If it were up to me, Breaking Bad would still be on the air, Game of Thrones would never end, and Supernatural would have been canceled in its second season. There’s way too much TV now to keep up with. Some of it I like, most of it I ignore, none of it offends me to the point that I would wish it had never existed. Well, except maybe Star Trek Enterprise. That was pretty awful.

I do agree with Ta-Nehisi Coates on at least one point, a TV show where Native Americans kept the Europeans out of the Americas would be a fun show to watch.

You might notice I didn’t talk much about Confederate, because there is nothing, as of yet, to talk about. Those of us who have been waiting for years for the next Star Trek know that these things can take time. and often, never happen. Maybe Confederate will never happen, or maybe it will be changed for the better by the many complaints about it.

Posted in random thoughts, sci fi


In 1998 the brilliant Douglas Adams wrote a computer game called Starship Titanic. The game play involved a sole passenger wandering around a cruise ship trying to keep it from blowing up. The only other people on board are a collection of robots, well, more correctly, androids. Passengers reminded me of Starship Titanic once or twice. This is one of the problems with being a Science Fiction fan, everything reminds me of something else.

Ok, so Passengers got all kinds of bad press for no good reason. This is a perfectly fine science fiction film. The acting is good, the sets are amazing, the music, with the notable exception of the crap they play over the closing credits, is great. The special effects are nearly perfect and the story is a standard set of science fiction tropes.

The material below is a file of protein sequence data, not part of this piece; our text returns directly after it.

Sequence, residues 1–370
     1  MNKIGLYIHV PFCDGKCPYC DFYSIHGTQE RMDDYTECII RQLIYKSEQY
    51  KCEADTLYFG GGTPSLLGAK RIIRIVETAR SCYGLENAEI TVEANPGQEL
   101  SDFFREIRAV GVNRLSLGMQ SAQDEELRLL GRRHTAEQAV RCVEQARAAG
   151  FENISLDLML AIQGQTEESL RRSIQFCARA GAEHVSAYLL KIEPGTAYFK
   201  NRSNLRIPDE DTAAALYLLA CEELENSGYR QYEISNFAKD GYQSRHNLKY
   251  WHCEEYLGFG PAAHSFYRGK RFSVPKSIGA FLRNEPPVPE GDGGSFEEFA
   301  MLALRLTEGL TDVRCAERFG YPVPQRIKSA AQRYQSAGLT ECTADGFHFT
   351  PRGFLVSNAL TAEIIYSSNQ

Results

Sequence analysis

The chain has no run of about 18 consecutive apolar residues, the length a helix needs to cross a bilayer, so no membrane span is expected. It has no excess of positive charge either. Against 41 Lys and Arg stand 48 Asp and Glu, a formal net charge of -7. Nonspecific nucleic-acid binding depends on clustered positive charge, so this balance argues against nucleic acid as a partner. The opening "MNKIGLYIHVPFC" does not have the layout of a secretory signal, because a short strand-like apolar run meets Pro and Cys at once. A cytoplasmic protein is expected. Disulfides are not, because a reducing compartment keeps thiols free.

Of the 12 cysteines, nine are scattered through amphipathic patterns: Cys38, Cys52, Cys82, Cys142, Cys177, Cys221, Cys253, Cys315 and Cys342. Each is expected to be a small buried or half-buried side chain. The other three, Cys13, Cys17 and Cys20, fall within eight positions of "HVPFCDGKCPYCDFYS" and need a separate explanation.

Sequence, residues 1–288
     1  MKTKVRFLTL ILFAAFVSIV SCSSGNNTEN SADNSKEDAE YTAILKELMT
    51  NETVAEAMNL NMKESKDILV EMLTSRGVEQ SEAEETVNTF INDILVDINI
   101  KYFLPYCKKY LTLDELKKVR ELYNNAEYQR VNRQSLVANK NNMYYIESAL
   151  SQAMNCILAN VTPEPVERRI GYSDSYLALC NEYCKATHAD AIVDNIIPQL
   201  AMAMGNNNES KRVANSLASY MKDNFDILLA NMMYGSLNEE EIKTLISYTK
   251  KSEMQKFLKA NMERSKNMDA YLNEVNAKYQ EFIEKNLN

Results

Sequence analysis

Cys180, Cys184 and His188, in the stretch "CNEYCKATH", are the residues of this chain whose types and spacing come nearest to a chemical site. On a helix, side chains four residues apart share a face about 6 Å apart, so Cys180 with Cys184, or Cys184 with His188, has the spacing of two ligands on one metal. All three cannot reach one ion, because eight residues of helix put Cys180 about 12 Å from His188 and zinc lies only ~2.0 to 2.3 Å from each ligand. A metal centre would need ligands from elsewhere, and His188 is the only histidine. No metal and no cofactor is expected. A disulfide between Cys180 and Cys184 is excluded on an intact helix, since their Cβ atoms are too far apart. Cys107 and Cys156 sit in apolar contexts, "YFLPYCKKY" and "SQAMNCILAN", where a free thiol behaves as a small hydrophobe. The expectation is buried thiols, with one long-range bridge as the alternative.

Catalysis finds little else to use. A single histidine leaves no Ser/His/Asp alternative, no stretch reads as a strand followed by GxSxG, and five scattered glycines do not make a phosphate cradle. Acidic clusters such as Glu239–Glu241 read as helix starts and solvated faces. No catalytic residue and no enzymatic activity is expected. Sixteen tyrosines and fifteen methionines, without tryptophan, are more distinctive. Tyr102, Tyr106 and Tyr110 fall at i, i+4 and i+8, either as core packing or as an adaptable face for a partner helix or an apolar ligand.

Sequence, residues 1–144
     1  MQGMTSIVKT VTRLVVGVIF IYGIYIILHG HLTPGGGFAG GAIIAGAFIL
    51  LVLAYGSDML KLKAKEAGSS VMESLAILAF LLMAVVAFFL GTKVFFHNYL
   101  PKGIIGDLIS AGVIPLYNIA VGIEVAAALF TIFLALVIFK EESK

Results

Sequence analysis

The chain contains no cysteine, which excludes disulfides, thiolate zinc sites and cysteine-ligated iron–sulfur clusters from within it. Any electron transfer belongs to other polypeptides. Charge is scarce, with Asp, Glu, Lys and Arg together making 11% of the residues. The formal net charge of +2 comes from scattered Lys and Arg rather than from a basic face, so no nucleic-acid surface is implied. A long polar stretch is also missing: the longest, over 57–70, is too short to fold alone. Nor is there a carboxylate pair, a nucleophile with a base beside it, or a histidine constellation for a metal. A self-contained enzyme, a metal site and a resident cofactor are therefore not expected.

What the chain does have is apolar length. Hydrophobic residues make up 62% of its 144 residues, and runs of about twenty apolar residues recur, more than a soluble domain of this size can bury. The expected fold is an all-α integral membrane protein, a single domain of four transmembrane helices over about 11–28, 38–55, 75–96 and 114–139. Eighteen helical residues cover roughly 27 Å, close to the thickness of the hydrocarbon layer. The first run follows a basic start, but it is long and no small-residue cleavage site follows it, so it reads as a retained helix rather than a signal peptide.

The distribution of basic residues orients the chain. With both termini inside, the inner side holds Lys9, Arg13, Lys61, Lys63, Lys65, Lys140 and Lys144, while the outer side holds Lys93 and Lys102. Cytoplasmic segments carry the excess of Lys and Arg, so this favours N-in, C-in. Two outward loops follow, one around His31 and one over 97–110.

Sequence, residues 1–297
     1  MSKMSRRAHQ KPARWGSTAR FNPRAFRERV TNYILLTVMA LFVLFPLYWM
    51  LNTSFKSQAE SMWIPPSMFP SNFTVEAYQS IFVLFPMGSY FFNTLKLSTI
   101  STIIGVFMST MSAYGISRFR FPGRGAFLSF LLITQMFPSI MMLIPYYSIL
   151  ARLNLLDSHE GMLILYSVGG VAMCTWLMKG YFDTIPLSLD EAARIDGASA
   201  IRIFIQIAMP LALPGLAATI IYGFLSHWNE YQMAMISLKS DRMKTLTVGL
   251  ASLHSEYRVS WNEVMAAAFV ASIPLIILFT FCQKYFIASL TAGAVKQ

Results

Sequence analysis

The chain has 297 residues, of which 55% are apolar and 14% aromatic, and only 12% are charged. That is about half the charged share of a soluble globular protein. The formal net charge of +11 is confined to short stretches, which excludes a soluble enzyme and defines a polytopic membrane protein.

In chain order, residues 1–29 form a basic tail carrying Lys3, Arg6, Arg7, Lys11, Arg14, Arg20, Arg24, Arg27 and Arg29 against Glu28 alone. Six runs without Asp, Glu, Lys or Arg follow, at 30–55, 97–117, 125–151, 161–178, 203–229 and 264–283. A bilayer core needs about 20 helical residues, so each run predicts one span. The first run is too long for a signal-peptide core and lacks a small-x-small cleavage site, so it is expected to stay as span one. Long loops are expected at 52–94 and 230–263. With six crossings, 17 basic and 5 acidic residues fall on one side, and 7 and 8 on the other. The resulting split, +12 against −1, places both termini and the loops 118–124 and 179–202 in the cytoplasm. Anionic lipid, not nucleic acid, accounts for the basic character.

We open up with one of the passengers waking up and the ship’s autobots telling him is four months out from his new homeworld. He soon realizes that he is alone and that he has a wait of 90 years. The writers have made it easy on our hero. He has all the food, water, and air he will need for the rest of his life. But since he is a lowly mechanic, he doesn’t get anything but black coffee and oatmeal for breakfast and he is assigned to a minimalist cabin. The first bit of the film sees him hacking the various systems so he can move into the finest suite on the ship and eat at the many fine restaurants reserved for First Class.

Our Robinson Crusoe soon grows tired of being alone. Well, mostly alone. He does have the company of a bar tending robot. We then get to the great moral problem of the film. There are somewhere around five thousand other people asleep on the ship. To stop being lonely, all he has to do is wake someone up. He finds one of the many hotties heading for the new world and wakes her up.